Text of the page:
Monday 11 December 2017

Limerick's Browne savours glory after 'difficult' journey

Niall Corcoran (Dublin), Lorcan McLoughlin (Cork) John Conlon (Clare), Fergal Moore (Galway) and Paul Browne (Limerick) in Galway yesterday
Niall Corcoran (Dublin), Lorcan McLoughlin (Cork) John Conlon (Clare), Fergal Moore (Galway) and Paul Browne (Limerick) in Galway yesterday
Colm Keys

Colm Keys

In the maelstrom of a first Munster hurling title for 17 years, it's easy to forget that just three years ago Limerick hurling was bogged down in a rift between management and the majority of established players that tore the county apart.

Justin McCarthy's culling of the 2009 squad – 12 players were released – not long after their heavy All-Ireland semi-final defeat to Tipperary was received badly, not for the personnel removed but the manner of it.

It led to some of their biggest names removing themselves from the squad and a lost year being punched in as those who remained drifted aimlessly through 2010.

Paul Browne had debuted in 2009 and was substituted in that fateful defeat to Tipperary, but with the exodus in full swing he decided to remain, conscious that he might not get a chance to play with Limerick again.

David Breen also stayed on and with Graeme Mulcahy and Nicky Quaid, who McCarthy drafted in that year, they were the quartet who endured the darkest hour before the dawn.

"It was my first year on the panel and I just said I'd hold around. If I didn't, I thought I mightn't get the chance again," Browne recalled a little uneasily at yesterday's official launch of the All-Ireland hurling championships in Galway's Loughgeorge headquarters.

"It has been a long journey. I'm not going to go into it. It was a difficult time. There were a few of us there that stuck around. It was difficult for either side. It wasn't a nice time to be hurling but we're over it now," said the 23-year-old Bruff man.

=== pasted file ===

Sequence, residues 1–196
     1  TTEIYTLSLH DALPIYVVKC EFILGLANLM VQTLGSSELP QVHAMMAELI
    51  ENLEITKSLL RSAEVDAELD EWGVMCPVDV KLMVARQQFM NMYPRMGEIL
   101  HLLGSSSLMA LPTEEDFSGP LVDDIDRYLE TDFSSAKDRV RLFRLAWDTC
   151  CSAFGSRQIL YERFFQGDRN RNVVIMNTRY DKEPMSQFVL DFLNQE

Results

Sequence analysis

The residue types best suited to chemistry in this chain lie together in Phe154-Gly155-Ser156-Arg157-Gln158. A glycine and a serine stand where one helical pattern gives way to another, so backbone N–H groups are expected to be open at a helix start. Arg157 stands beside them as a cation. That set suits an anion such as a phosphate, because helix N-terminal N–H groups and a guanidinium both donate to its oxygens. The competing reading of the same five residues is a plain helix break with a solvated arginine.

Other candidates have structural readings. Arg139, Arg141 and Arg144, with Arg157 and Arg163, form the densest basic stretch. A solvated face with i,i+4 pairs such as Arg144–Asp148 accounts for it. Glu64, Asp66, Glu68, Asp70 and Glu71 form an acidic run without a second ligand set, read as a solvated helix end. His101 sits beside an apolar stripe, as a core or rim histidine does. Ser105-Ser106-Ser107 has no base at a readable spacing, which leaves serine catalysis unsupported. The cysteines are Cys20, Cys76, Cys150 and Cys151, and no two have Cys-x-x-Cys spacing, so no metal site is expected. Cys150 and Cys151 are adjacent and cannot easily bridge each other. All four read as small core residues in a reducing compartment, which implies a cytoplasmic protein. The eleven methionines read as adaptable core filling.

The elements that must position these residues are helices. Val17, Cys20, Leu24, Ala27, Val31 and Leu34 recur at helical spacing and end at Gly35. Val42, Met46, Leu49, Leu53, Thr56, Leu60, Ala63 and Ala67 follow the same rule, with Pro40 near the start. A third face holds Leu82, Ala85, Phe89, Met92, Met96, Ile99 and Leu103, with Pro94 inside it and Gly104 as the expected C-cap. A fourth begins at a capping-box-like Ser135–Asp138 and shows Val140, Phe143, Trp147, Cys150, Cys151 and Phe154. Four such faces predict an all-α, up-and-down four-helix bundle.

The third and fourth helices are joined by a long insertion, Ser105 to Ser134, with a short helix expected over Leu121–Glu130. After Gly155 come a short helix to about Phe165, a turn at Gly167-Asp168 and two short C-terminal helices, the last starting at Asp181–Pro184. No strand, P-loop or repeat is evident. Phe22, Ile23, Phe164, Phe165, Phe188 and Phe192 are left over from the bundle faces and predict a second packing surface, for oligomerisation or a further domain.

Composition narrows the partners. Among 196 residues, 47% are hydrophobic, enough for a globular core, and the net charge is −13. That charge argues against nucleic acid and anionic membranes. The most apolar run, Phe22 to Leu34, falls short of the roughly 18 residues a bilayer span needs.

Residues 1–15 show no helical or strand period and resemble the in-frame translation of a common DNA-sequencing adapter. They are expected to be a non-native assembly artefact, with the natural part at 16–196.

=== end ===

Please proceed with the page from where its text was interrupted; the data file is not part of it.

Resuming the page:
"We got a nice clipping off Tipperary in a semi-final in Croke Park. A few of that team are still around as well. My first year was 2009. It was a hard pill to swallow. We went into that semi-final and people thought we'd run them close.

"We'd got a nice run through the qualifiers. But we're not going to make the same mistake this time, we're looking solely at the semi-final and that's what we're focused on."

Browne has never experienced anything other than a Cork man in charge of a Limerick hurling team, but what separates John Allen, in his estimation, is his great motivational ability.

"He has done it before and he knows what it's all about. He's a calm man and there could be chaos going on all around him, he never changes. He's so calm, he's so well spoken and so softly spoken.

"He's an excellent motivator. You never really think about it until Donal Og Cusack said what a good psychological motivator he was on 'The Sunday Game'. He does it so well, so astutely and he doesn't give anything away.

Frame

"He still has a great way of getting you in the right frame of mind for what's coming up."

Browne said the legacy of what last Sunday could create was important but refocusing on another five-week break was their greatest immediate challenge.

"On Sunday, in the first half, we were kind of rusty and the five-week gaps are hard to manage. Those greens versus whites games we do are hugely important – we have to get them as competitive and intense as we can.

"Being back training so soon has us back down to earth and the club championship is a break on the way. We might get a week off up to that and it's good to get away and get a bit of freshness.

"We're away for a few days and the next thing you know you haven't seen lads for a week or so and it brings a bit of freshness and new life."

Browne, who has developed a significant midfield partnership with Donal O'Grady, admits that the joy of success was enhanced by the knowledge that with a couple of minutes remaining they knew that they weren't going to be caught.

"I remember looking over at Gavin (O'Mahony) and we both knew that it was game over. It was when we got six, seven points ahead that we knew we had it in the bag and they wouldn't catch us.

"I was laughing. We looked over and saw a little kid running out onto the pitch and his father caught him by the collar. He yanked him out of there fairly lively. It's the stuff dreams are made of, the crowd swallowing you up and it was only afterwards I saw how many people were on the pitch. The whole place was covered."

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